By Michael E. Miller
By Ryan Yousefi
By Kyle Munzenrieder
By Sabrina Rodriguez
By Michael E. Miller
By Carlos Suarez De Jesus
By Luther Campbell
By Kyle Munzenrieder
After the January indictment of Dade County Commissioner James Burke, Miami's civic-hype artists could be heard gnashing their teeth and noisily decrying the latest "black eye" to our image, an especially touchy subject after months of unrelenting allegations of massive voter fraud, a scandal-plagued seaport, corrupt county bureaucrats, and the fact that roughly half of Miami's city government was being tossed into prison.
When an appeals court on March 11 dramatically booted Xavier "The Midnight Rambler" Suarez and installed Crazy Joe Carollo as Miami mayor, the worrywarts started yowling again. National headlines. Late-night talk show jokes. Miami vacation plans canceled by the billions.
Then a mere five days later County Commissioner Bruce Kaplan, following a lengthy criminal investigation, pleaded guilty to lying on his financial disclosure forms and agreed to resign from office. The handwringers, needless to say, were apoplectic.
Even Robert Steinback, an earnest Miami Herald columnist not normally associated with those nervous Nellies over at the convention and visitors bureau, seemed to lose his cool. "Miami's scandals damage our quality of life by imperiling the forces of growth and prosperity," he wrote in a column that practically quaked in fear right there on the page. "The negative national image generated by political corruption is a drag on our region's progress."
This from a man who was recently seen at a Miami karaoke bar, microphone in hand, warbling his way through the entire Hootie and the Blowfish catalogue. Trust us: Steinback's rendition of "Only Want to Be with You" was more crippling to the city's image than a cellblock full of Miami public officials. Besides, even if we do have a "negative national image," he's just plain wrong about the consequences.
Tourist visits to South Florida reached an all-time high this past season. Violent crime is down, especially crime against visitors. Brickell Avenue and downtown Miami are poised for a building boom. Miami Beach is in the middle of one right now. Foreigners are dropping major coin on new luxury condos all over Dade.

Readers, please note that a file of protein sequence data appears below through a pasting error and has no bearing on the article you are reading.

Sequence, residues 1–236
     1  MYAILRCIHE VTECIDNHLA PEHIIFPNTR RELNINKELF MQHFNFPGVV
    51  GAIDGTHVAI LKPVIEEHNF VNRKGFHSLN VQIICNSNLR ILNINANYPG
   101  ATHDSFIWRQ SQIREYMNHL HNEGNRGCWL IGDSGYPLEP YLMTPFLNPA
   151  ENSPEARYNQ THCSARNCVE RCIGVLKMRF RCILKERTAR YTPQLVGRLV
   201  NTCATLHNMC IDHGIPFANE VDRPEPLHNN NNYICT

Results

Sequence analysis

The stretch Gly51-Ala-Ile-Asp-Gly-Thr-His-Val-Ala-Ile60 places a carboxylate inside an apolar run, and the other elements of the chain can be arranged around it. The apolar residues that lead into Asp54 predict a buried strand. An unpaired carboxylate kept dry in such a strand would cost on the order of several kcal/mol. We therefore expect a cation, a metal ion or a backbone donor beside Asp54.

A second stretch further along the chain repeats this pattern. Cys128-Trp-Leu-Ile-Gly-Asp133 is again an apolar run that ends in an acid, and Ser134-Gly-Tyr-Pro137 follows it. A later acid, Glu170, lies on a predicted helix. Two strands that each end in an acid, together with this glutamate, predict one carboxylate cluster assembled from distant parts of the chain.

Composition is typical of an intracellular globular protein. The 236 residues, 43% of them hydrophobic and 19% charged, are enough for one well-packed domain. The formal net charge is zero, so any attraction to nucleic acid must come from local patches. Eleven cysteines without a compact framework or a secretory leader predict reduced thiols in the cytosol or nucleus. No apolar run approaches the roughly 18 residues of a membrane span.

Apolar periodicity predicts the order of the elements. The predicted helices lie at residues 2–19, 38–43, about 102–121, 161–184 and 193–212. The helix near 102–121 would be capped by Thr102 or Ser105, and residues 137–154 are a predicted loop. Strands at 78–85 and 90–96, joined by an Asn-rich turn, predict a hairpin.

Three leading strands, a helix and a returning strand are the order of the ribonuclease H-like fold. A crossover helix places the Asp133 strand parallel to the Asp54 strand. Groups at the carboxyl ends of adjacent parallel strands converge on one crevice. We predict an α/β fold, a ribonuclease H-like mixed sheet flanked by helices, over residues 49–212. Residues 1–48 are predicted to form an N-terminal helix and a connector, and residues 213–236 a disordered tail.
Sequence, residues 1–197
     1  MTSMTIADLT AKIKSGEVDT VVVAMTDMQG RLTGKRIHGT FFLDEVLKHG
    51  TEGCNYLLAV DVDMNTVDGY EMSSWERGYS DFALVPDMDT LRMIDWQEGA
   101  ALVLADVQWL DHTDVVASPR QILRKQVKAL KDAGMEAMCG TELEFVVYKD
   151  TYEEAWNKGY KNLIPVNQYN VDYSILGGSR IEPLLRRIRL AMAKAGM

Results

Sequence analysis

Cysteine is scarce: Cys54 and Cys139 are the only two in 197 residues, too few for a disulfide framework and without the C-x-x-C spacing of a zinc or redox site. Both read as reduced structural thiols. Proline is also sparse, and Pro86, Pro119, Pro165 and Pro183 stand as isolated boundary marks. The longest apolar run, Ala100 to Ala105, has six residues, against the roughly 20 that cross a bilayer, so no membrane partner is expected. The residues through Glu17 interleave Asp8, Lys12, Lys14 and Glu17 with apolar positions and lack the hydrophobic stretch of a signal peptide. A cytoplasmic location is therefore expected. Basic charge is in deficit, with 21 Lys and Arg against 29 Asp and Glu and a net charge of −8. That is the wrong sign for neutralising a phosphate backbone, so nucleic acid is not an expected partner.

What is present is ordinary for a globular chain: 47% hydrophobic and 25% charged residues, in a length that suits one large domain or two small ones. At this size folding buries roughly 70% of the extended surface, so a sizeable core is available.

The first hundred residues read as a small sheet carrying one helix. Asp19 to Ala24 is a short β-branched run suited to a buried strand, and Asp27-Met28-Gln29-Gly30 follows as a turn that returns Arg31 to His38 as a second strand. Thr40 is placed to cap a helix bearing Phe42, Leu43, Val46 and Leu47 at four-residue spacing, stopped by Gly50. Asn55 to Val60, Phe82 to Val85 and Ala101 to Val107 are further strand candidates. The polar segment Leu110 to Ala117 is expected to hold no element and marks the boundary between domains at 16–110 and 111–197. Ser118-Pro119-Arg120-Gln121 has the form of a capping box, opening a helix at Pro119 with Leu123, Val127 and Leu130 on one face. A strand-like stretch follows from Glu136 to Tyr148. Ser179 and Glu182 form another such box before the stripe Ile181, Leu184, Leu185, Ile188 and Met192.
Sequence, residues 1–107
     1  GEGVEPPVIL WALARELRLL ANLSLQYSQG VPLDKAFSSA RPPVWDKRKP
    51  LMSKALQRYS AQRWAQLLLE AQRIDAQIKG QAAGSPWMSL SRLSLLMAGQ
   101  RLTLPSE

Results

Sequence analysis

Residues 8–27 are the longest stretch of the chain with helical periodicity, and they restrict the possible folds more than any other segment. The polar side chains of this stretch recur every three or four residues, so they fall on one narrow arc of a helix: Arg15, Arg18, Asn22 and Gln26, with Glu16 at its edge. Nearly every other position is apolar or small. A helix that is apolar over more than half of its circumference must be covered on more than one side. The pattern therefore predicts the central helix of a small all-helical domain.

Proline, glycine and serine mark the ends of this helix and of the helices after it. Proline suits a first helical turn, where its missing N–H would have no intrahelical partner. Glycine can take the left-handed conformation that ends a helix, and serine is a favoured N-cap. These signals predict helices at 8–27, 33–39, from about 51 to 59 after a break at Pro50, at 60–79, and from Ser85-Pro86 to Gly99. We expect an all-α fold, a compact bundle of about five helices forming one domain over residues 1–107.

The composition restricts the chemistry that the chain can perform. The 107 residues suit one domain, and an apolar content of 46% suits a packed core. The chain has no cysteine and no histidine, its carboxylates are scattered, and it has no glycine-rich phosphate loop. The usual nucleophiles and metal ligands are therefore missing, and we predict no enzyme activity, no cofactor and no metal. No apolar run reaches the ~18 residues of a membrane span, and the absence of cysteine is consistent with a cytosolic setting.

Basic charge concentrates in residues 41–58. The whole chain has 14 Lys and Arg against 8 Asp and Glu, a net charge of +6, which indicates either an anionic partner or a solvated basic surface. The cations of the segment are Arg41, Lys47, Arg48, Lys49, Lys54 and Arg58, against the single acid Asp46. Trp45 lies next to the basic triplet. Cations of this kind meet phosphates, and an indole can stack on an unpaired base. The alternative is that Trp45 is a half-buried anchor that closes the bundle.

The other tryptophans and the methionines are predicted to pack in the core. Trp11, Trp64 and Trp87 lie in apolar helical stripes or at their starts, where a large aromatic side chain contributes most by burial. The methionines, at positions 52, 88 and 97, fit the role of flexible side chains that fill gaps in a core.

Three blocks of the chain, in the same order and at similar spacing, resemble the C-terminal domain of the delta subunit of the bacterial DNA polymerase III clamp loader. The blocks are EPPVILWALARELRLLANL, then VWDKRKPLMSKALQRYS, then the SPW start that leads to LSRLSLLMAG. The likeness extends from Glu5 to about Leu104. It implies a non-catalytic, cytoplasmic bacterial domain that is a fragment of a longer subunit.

Sometimes it is difficult to acknowledge the truth -- at least publicly. But just pull aside these moralistic magpies for a little off-the-record strategizing and prioritizing, and they're quick to admit the truth: Sin is sexy. Scandal sells. When Humberto Hernandez goes down, our numbers go up.
So why not exploit the hell out of this subtropical cesspool of sleazy corruption? It's clear that people the world over love it. Wallow in it. Pay darn good money to get near it.
Why fight it?
As a public service at this crucial juncture, New Times is stepping forward to help point the way to a new golden age in Miami's history. And what we offer here is only a beginning, a mere hint of the limitless possibilities that lie ahead.
With this series, we're solidifying Miami's corruption image while at the same time precluding possible copycat campaigns by competitors. Everyone knows government is corrupt in Chicago and Washington. This says Miami is more corrupt. Playing on the television program adds a hook and serves as the overall theme.
Television stills of a commercial starring Don Johnson:
1. South Beach shoreline scene
2. Alex Daoud at courthouse
3. Nightclub scene
4. Cesar Odio at courthouse
5. Downtown Miami skyline
6. Don Johnson
"Miami. Vice." :30
(Open on low-altitude helo aerial of crowded South Beach shoreline)
Don Johnson (VO): The place is hot. Really hot.
(Dissolves to Alex Daoud at courthouse)
D.J. (VO): You know what happens. Sometimes yer gonna get burned.
(Dissolves to nightclub scene. Dancers.)
D.J. (VO): And sometimes ya just gotta take a break.
(Dissolves to Cesar Odio at courthouse)
D.J. (VO): Nah. I said take a break, not take a cut.
(Dissolves to helo aerial of downtown Miami skyline)
D.J. (VO): It's a crazy damn place. But ya gotta love it. I sure did.
(Dissolves to Don Johnson)
D.J.: Guess I shoulda never left. I miss it. But don't you.
Super: Miami. Vice.
A no-brainer. The guy is still in worldwide syndication. Beware: He absolutely refuses to utter Philip Michael Thomas's name, much less have him involved in any way.
Paris billboard featuring photo of Xavier Suarez.
"Miami est merveilleux et fou. J'en sais longtemp."
-- Xavier Suarez
Video cassette: "Miami: Too Hot for TV"
Prospective tourists who contact the convention and visitors bureau will be offered -- free of charge -- a sizzling twenty-minute video cassette mailed to their homes, here or abroad. Glamour footage, tourist attractions, glitzy restaurants, plus excerpts from the 60 Minutes segment, bloopers from Miami City Commission meetings, and outtakes from the James Burke surveillance tapes and the FBI's Humberto Hernandez perp walk. Possible bonus special: archival tape featuring Joe Gersten, Raul Martinez, Silvio Cardoso, Sebastian Dorrego, Andres Mejides, Alberto San Pedro, Roy Gelber, Harvey Shenberg, David Goodhart, David Kennedy, and others.
A Guide Down the Crooked Path
Heavily distributed at the airport and area hotels, these babies are guaranteed to be a hit (in English, Spanish, French, and German). Clearly marked routes direct visitors to some of Miami's most famous sites: the pauper's grave of still-active voter Manuel Yip; the Little Havana home of Edna Benson, who drew her .38 revolver when Xavier Suarez paid a late-night visit; the Miami Outboard Club, where surveillance tapes caught Dade Mayor Steve Clark discussing "spooks" with an FBI informant; various streets named after felons; and much much more.